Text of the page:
Mobilegeddon Report: S&P 100 companies

April 17, 2015: To obtain a macro-level view of the possible impact of the forthcoming changes to Google’s Mobile Algorithm on Corporate America, Didit looked at sites maintained by large-cap S&P 100 sites. Here, we present a discussion of these findings, plus the raw data resulting from subjecting these sites to Google’s Mobile Friendly Test.


Background: on February 26th, 2015, Google announced that it would soon begin incorporating “mobile friendliness” as a ranking factor that will strongly influence the delivery of search results made on mobile devices, beginning 4/21/15. This date — popularly dubbed “mobilegeddon,” has caused widespread concern in the SEO/webmaster community and a flurry of corrective activity among site proprietors eager not preserve their rankings on mobile devices.

This study is the latest in our pre-4/21/15 series of evaluative surveys, which, to date, have included:

a) Major U.S. public relations Firms (published 4/2/15)
b) Large-cap companies on Long Island (published 4/6/15)
c) Major New York-based advertising agencies (published 4/9/15)
d) Major U.S. charities (published 4/14/2015)
e) Major “white shoe” law firms in the U.S.  (published 4/15/15)
f) Big CPA/accountancy firms (published 4/15/15).
g) Top-rated NY-area hospitals (published 4/16/15).


Didit ran each site URL through Google’s Mobile Friendly Test application page ( to see whether Google considers each site “mobile-friendly.” The specific error types causing any test failures were logged, and a screen capture was made of each report. Testing was begun and concluded on 3/26/2015. Only the main corporate sites were tested, not individual products, brands, or subsidiaries. So, for example, while Proctor & Gamble’s corporate site failed the test, its individual brands posted much higher (81 percent) pass rates.

Here is a summary of Didit’s findings:

1. 74 percent (73) of the 98 S&P 100 sites surveyed are fully “mobile-friendly” according to Google’s definition. (2 sites could not be tested by the tool).

Mobile-friendly test results: S&P 100 companies (pass/fail)

2. The most common errors seen on the 25 sites failing Google’s Mobile Friendly test were:

a). Links spaced too closely together to be easily clicked on mobile devices. 23 sites had this error.
b) Mobile viewports not being set correctly. This error can cause the site to render in less than 100 percent of mobile display space. 18 failing S&P 100 sites had this error.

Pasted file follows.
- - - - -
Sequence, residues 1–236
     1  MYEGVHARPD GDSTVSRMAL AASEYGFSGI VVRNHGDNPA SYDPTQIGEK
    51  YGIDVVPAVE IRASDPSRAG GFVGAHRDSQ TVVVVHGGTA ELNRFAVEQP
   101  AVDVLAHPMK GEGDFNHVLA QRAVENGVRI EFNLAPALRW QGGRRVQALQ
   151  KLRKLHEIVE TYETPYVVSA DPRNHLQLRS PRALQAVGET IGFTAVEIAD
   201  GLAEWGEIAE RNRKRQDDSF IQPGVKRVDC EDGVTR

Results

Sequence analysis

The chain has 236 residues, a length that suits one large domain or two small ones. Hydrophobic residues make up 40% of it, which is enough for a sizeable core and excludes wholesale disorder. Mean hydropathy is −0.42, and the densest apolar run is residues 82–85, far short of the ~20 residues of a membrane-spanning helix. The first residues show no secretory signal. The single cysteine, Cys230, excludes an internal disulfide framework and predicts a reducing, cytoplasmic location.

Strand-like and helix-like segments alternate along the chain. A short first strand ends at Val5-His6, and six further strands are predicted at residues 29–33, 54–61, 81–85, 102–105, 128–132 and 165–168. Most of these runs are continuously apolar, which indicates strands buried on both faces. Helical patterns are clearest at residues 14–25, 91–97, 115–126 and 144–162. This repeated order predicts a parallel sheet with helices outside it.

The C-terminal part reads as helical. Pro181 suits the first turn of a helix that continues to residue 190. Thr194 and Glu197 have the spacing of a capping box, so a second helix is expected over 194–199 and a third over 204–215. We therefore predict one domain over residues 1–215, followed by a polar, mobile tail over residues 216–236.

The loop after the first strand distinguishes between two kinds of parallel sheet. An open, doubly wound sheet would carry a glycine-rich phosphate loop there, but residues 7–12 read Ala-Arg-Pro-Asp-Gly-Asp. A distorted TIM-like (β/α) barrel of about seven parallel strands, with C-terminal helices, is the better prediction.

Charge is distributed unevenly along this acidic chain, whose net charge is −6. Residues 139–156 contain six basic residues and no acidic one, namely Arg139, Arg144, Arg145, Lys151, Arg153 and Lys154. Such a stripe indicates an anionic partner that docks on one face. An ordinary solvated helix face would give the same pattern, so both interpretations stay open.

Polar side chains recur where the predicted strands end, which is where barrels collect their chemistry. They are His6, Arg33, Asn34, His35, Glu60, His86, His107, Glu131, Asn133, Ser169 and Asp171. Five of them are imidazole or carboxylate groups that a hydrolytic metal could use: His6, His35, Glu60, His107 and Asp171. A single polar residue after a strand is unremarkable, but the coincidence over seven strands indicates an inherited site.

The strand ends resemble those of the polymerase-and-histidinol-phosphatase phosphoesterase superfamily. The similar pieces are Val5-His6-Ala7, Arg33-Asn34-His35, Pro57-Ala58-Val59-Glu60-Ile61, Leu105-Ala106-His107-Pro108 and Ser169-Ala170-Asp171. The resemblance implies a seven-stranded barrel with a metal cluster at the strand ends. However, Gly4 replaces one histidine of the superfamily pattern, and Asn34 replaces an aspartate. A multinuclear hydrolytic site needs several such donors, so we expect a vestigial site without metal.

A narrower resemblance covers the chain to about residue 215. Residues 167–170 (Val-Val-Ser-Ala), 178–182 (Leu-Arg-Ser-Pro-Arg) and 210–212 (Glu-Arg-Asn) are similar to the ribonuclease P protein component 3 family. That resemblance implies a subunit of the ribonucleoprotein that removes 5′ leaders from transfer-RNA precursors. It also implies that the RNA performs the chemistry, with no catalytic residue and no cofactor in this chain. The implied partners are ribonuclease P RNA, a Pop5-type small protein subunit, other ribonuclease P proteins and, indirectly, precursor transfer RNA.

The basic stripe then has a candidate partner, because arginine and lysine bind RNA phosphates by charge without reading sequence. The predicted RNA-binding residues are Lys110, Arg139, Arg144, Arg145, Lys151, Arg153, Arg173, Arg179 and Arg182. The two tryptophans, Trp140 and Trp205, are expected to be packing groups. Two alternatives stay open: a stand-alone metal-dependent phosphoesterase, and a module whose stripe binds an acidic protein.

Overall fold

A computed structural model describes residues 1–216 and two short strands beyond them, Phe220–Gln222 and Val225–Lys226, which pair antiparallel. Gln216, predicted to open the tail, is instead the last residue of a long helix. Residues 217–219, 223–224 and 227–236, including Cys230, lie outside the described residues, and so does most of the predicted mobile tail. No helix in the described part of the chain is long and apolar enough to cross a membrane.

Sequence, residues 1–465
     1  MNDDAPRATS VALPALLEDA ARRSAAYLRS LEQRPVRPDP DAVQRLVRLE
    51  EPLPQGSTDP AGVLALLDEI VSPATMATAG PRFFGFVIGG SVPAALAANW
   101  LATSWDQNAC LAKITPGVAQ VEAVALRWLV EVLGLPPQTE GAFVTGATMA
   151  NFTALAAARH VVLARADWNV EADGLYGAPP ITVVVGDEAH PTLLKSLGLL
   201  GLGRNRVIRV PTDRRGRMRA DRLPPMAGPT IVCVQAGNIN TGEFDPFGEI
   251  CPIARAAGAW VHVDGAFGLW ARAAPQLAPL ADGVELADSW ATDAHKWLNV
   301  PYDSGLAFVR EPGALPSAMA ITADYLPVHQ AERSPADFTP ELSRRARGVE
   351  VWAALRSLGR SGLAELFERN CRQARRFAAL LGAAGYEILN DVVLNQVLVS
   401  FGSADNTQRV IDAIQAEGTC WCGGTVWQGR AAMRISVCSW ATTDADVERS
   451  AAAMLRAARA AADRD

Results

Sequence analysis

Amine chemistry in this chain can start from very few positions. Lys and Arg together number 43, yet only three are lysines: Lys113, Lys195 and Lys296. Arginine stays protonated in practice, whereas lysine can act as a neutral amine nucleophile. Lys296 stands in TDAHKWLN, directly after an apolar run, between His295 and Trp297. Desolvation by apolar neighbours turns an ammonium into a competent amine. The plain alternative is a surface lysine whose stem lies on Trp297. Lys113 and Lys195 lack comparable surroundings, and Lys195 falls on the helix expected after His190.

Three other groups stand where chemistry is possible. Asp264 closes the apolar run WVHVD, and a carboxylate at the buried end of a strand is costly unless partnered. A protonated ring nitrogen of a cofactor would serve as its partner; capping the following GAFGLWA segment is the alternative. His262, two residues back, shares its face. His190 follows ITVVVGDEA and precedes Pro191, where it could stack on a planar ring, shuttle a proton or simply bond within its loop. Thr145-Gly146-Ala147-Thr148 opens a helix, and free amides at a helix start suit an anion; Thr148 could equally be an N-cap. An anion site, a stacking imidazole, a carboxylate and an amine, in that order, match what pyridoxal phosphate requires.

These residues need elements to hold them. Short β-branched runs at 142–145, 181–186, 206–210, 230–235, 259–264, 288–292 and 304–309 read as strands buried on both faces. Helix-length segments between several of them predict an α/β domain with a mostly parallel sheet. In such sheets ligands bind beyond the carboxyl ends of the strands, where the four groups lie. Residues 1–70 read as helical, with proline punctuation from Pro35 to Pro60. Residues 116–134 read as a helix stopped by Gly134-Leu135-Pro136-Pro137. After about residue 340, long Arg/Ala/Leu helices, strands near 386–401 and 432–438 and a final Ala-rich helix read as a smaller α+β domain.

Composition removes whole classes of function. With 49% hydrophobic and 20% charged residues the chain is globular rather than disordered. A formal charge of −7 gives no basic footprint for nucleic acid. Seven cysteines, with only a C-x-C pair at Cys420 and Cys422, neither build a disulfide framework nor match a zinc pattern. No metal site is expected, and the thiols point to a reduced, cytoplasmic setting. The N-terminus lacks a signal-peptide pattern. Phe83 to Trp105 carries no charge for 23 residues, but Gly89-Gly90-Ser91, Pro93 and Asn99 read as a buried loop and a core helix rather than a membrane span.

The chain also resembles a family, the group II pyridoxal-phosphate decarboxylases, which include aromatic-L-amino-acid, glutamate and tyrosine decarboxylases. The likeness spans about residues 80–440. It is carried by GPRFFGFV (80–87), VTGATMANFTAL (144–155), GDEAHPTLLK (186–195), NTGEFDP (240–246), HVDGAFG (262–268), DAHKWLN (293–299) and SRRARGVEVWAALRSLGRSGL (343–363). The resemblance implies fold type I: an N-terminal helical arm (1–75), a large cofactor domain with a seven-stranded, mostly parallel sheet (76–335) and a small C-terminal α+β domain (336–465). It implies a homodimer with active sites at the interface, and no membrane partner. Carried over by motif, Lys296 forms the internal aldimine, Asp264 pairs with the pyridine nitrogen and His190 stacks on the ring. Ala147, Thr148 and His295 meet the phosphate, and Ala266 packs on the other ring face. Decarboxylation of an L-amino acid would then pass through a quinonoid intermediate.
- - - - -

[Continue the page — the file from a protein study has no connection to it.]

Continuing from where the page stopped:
c) Text being set at a size too small to read on mobile devices. 18 failing sites had this error.
d) Content wider than screen. This error can cause the site to become arbitrarily “cropped” along the horizontal dimension when viewed on a mobile device. 14 failing sites had this error.
e.) Blocking of resources necessary for the Googlebot to correctly parse the resources referenced by the web page. 13 sites had this error.

Mobilegeddon Report: S&P 100 companies (type of mobile error reported)


SEO for 2017Sites in the S&P 100 were expected to do very well on Google’s Mobile Friendly test, given that these companies have sufficient funds to maintain modern sites capable of rendering equally well on mobile and desktop devices. And this group’s pass rate of 74 percent was the highest seen in any group tested so far.

Still, it’s clear that there’s room for improvement, and companies interested in not disappointing mobile users should make the needed changes in the next few days. Given the sizeable investment many of these companies have made in their web properties, it would seem reasonable that senior management would prefer that these sites render as well on mobile devices as they do on traditional large format desktop displays (i.e. be “mobile-friendly.”)
It’s important to note that the fact that a given S&P 100 site fails to pass Google’s Mobile Friendly Test does not mean that it will be invisible or inaccessible on mobile devices on or after 4/21/2015. But Google has clearly indicated that poor showings on this test may result in less visibility in search results made from mobile devices under certain circumstances. This is a growing concern as mobile traffic — and searches made on mobile devices — increase in importance. Marketing consultancy firm recently reported that “2015 will see mobile search reach the tipping point — the stage at which the majority of spend, organic traffic, and paid clicks comes from smart phones and tablets.”

The good news for the S&P 100 is that in most cases the actual problems causing a “Fail” on Google’s Mobile Test can be quickly resolved — sometimes in under an hour. Because companies have only a few days to rectify these problems, senior management should take this issue seriously and make any corrections required in time for the 4/21/15 deadline.

Didit Editorial
Mobilegeddon Report: 74 percent of S&P 100 sites are mobile-friendly
Article Name
Mobilegeddon Report: 74 percent of S&P 100 sites are mobile-friendly
74 percent of S&P 100 sites passed the Google Mobile-Friendly (AKA "mobilegeddon") test. This pass rate is among the highest in any industry group we've yet surveyed.
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